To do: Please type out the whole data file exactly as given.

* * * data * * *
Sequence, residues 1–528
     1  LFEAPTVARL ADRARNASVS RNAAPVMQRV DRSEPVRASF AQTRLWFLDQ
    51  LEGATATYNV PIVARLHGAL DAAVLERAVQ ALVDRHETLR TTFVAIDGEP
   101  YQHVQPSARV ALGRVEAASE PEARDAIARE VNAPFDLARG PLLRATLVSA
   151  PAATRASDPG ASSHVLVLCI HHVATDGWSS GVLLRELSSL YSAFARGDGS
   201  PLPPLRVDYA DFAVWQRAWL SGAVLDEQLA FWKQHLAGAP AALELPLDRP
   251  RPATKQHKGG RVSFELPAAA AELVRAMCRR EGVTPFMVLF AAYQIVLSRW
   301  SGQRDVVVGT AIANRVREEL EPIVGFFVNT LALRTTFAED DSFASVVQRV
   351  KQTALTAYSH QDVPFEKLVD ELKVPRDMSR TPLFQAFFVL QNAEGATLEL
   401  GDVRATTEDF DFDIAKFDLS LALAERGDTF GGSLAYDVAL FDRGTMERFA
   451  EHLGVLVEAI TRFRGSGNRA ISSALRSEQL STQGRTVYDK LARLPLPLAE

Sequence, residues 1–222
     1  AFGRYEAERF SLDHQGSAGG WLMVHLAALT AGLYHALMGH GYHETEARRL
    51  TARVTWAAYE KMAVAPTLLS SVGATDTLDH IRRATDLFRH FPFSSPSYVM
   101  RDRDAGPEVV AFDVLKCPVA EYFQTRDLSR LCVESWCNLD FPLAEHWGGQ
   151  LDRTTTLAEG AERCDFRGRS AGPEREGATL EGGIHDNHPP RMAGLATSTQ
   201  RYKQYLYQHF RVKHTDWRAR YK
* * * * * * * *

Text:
Sequence, residues 1–528
     1  LFEAPTVARL ADRARNASVS RNAAPVMQRV DRSEPVRASF AQTRLWFLDQ
    51  LEGATATYNV PIVARLHGAL DAAVLERAVQ ALVDRHETLR TTFVAIDGEP
   101  YQHVQPSARV ALGRVEAASE PEARDAIARE VNAPFDLARG PLLRATLVSA
   151  PAATRASDPG ASSHVLVLCI HHVATDGWSS GVLLRELSSL YSAFARGDGS
   201  PLPPLRVDYA DFAVWQRAWL SGAVLDEQLA FWKQHLAGAP AALELPLDRP
   251  RPATKQHKGG RVSFELPAAA AELVRAMCRR EGVTPFMVLF AAYQIVLSRW
   301  SGQRDVVVGT AIANRVREEL EPIVGFFVNT LALRTTFAED DSFASVVQRV
   351  KQTALTAYSH QDVPFEKLVD ELKVPRDMSR TPLFQAFFVL QNAEGATLEL
   401  GDVRATTEDF DFDIAKFDLS LALAERGDTF GGSLAYDVAL FDRGTMERFA
   451  EHLGVLVEAI TRFRGSGNRA ISSALRSEQL STQGRTVYDK LARLPLPLAE

Sequence, residues 1–222
     1  AFGRYEAERF SLDHQGSAGG WLMVHLAALT AGLYHALMGH GYHETEARRL
    51  TARVTWAAYE KMAVAPTLLS SVGATDTLDH IRRATDLFRH FPFSSPSYVM
   101  RDRDAGPEVV AFDVLKCPVA EYFQTRDLSR LCVESWCNLD FPLAEHWGGQ
   151  LDRTTTLAEG AERCDFRGRS AGPEREGATL EGGIHDNHPP RMAGLATSTQ
   201  RYKQYLYQHF RVKHTDWRAR YK